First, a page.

Starship Troopers: Terran Ascendancy
|a game by||Blue Tongue Entertainment Pty|
|User Rating:||8.0/10 - 1 vote|
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One of the worst things about crap films is the way they inevitably give birth to crap games. Starship Troopers is one of those occasions. Quite simply, Starship Troopers does for real-time strategy games what Daikatana did for first-person shooters -need we say more? Well, we probably could leave it at that, and to be fair, you'd be better off without the gory details, but this is a reviews' magazine and it's our job to constructively criticise mournful interactive entertainment. Therefore that is what we shall do...
The really disheartening thing about Starship Troopers is the fact that it begins quite well. The tutorial does a great job of showing you how to control your squad and it's not long before you find yourself leaping off the drop ship with 12 willing troopers under your able command.
It's at this point where everything falls apart. Despite its obvious leanings towards Ground Control (no resource management, yet maximum action), ST still fails to get the adrenaline pumping. The graphics don't help. No matter what mode or resolution you choose, the landscapes look like cardboard -just like the film. The creature models are also basic and in some cases look almost two or three years old.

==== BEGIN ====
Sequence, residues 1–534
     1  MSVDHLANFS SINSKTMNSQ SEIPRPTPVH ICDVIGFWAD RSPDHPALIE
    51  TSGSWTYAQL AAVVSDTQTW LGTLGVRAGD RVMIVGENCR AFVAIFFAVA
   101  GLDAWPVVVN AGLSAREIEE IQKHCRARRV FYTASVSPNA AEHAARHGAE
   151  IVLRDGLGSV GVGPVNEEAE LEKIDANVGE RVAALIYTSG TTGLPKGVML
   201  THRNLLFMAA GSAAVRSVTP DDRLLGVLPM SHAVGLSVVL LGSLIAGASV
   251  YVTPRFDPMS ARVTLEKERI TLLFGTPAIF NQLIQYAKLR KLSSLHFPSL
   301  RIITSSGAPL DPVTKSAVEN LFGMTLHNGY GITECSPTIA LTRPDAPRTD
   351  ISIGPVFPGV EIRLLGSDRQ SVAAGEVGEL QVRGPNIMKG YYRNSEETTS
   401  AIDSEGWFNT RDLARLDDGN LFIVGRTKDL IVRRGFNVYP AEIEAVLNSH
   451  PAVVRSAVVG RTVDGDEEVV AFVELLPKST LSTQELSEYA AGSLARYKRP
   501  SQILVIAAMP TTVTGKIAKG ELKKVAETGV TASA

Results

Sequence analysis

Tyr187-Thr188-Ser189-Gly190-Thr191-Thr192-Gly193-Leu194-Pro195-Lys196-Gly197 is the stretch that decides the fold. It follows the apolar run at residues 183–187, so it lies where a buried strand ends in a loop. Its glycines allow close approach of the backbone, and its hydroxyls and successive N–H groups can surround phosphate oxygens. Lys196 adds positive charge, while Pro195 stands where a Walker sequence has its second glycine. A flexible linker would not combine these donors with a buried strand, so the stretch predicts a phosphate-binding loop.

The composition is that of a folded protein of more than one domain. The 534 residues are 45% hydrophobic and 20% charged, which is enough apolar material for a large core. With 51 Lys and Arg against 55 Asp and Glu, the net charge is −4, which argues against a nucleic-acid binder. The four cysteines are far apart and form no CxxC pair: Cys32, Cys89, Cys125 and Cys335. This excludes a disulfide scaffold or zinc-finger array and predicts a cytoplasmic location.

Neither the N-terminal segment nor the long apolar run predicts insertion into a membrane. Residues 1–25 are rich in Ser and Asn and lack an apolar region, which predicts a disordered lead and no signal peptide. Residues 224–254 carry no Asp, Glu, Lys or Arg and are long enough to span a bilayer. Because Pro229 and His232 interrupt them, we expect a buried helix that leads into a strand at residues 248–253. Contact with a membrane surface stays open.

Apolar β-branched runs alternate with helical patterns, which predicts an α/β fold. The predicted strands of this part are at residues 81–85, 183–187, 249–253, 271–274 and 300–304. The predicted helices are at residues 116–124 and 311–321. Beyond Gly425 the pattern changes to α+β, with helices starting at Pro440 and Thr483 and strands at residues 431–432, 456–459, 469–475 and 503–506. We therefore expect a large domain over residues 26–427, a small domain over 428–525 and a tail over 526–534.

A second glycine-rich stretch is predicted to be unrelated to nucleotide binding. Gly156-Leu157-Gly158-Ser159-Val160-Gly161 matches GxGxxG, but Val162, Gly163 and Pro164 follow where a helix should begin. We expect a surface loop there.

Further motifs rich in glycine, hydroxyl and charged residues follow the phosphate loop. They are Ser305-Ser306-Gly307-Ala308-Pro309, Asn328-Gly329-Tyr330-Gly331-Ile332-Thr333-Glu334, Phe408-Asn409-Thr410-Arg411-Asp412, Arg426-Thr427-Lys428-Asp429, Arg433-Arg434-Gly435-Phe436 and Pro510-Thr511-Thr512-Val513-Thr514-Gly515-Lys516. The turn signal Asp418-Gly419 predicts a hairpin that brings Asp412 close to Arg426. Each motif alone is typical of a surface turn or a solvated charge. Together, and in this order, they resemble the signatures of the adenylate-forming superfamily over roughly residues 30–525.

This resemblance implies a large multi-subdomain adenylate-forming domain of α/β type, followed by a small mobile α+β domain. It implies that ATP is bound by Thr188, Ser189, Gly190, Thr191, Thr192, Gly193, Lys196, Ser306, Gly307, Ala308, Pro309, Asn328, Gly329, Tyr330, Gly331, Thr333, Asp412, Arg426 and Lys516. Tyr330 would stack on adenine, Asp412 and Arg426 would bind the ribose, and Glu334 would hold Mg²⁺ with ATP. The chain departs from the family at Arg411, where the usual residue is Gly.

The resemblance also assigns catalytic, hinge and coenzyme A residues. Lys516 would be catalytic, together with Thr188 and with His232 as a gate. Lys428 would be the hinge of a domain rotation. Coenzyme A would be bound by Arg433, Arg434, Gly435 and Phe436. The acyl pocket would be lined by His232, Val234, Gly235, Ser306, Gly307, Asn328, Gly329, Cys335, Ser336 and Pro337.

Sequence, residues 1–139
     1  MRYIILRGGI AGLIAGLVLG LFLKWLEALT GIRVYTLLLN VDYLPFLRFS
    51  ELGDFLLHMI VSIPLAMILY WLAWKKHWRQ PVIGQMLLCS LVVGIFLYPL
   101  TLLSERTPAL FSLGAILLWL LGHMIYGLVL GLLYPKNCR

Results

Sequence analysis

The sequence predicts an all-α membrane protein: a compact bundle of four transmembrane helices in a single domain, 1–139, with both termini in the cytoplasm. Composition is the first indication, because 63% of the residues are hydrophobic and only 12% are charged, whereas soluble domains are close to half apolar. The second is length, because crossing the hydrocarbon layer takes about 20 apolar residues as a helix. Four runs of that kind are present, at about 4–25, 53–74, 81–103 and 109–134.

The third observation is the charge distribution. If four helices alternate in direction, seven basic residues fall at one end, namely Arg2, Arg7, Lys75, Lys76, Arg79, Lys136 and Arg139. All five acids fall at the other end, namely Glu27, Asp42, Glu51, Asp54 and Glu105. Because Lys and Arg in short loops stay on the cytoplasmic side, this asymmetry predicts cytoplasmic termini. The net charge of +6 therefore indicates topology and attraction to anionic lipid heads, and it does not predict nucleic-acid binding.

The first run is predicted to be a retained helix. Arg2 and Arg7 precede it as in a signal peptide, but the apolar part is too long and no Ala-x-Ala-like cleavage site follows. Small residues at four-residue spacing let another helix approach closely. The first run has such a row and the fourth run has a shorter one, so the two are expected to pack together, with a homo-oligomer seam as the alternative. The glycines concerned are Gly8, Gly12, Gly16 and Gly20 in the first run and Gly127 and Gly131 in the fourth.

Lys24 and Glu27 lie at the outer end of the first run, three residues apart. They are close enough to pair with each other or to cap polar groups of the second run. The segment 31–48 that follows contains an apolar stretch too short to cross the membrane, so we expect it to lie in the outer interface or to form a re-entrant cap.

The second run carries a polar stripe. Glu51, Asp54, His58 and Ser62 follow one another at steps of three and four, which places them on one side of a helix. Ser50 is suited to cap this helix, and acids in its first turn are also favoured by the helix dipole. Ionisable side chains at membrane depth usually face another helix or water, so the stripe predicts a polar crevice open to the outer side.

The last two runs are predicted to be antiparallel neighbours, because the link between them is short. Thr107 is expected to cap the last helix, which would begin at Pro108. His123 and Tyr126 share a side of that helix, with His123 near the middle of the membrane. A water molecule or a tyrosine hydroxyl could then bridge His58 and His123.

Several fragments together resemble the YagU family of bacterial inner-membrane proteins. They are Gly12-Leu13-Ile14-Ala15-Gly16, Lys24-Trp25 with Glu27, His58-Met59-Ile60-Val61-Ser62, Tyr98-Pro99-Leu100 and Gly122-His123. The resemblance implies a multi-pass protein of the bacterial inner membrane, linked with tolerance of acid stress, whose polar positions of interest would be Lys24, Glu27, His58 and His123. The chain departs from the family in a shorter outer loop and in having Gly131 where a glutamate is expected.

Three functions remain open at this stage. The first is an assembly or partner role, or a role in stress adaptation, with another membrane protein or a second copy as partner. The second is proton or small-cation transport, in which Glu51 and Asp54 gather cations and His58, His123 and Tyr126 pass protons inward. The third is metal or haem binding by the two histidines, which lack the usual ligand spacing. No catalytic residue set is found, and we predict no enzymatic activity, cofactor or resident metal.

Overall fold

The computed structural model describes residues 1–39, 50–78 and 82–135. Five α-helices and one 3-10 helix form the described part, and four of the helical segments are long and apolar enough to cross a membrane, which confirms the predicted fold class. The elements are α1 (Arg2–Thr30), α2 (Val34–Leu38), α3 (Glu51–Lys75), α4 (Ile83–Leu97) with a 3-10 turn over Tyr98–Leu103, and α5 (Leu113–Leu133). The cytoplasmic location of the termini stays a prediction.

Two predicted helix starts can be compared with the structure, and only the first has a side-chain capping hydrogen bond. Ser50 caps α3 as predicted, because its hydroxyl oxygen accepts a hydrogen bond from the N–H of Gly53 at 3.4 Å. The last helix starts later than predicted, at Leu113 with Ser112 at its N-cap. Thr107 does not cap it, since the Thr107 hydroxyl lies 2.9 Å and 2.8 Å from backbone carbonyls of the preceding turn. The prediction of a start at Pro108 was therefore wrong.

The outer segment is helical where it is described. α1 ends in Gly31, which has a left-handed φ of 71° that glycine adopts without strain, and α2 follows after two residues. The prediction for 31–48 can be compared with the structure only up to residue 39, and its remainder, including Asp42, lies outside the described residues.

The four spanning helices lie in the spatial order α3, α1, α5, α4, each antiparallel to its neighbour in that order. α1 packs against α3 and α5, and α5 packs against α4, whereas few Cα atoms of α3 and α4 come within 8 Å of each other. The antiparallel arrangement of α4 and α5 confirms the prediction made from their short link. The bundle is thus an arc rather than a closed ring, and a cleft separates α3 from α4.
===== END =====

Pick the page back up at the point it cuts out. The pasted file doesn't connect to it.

What's worse, however, is the weird camera system. For some reason you can never look directly up (which is a pain when there are tlying bugs overhead) and you cannot look through your troopers' eyes. Another highly irritating thing about the camera is the way it loses your men. OK, so you can hit the space bar to refocus on your squad, but still - the mere fact that there's a command to actually do that shows that something is very, very wrong.
And now we come to the Al. We expect certain things from a RTS game here at PC, the main thing being that a character can walk from A to B without becoming lodged in the scenery, confused, or experiencing some debilitating nervous breakdown. Your soldiers in ST will do all three of these as often as possible.
Oddly, this is in complete contrast to the bugs themselves who at the first sign of trouble are adept at scampering off and warning their mates. A few seconds later a dozen creatures appear and start circling around you - it's eerie stuff. They even speak to each other in their weird high-pitched dicky language.
It really is a shame that there are so many things wrong with ST because some areas are superb. The soldier experience system is brilliant; the more bugs a trooper kills the more his aim, range and other attributes increase. Occasionally, even the battles are enjoyable, especially when you get to fight some of the massive bugs. Ultimately, though, the poor AI and dodgy camera work are unforgivable. If those two aspects had worked ST could have been something special. As it stands, it's barely even average.